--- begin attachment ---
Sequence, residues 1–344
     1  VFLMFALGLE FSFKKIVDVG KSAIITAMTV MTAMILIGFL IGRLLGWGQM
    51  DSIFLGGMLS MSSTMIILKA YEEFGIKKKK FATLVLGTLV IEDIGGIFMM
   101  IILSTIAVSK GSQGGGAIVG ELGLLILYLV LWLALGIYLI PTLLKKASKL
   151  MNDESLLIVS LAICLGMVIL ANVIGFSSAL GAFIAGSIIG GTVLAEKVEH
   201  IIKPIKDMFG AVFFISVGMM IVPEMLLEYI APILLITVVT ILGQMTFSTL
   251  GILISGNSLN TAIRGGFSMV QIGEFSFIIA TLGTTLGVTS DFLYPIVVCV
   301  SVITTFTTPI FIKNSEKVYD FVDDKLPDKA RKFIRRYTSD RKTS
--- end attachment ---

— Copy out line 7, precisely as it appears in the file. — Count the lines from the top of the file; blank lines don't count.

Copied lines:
   251  GILISGNSLN TAIRGGFSMV QIGEFSFIIA TLGTTLGVTS DFLYPIVVCV